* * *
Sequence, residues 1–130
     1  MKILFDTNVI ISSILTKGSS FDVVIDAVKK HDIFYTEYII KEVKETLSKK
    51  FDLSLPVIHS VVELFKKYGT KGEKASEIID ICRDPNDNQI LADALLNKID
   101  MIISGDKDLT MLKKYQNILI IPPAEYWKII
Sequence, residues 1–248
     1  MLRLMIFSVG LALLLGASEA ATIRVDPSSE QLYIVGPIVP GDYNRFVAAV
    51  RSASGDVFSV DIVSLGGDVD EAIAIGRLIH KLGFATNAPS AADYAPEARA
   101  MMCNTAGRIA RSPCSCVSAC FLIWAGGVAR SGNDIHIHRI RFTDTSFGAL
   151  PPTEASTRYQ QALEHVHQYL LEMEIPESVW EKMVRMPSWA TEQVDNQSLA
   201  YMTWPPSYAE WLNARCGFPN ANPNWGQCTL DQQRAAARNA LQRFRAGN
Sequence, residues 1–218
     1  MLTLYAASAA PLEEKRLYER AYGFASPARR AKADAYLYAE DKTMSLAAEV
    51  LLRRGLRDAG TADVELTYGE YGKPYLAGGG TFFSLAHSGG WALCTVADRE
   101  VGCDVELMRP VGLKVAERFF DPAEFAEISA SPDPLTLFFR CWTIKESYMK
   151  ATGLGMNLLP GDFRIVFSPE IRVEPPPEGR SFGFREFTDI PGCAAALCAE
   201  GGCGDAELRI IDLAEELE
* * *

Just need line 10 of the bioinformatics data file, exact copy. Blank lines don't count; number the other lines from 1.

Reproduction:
   201  YMTWPPSYAE WLNARCGFPN ANPNWGQCTL DQQRAAARNA LQRFRAGN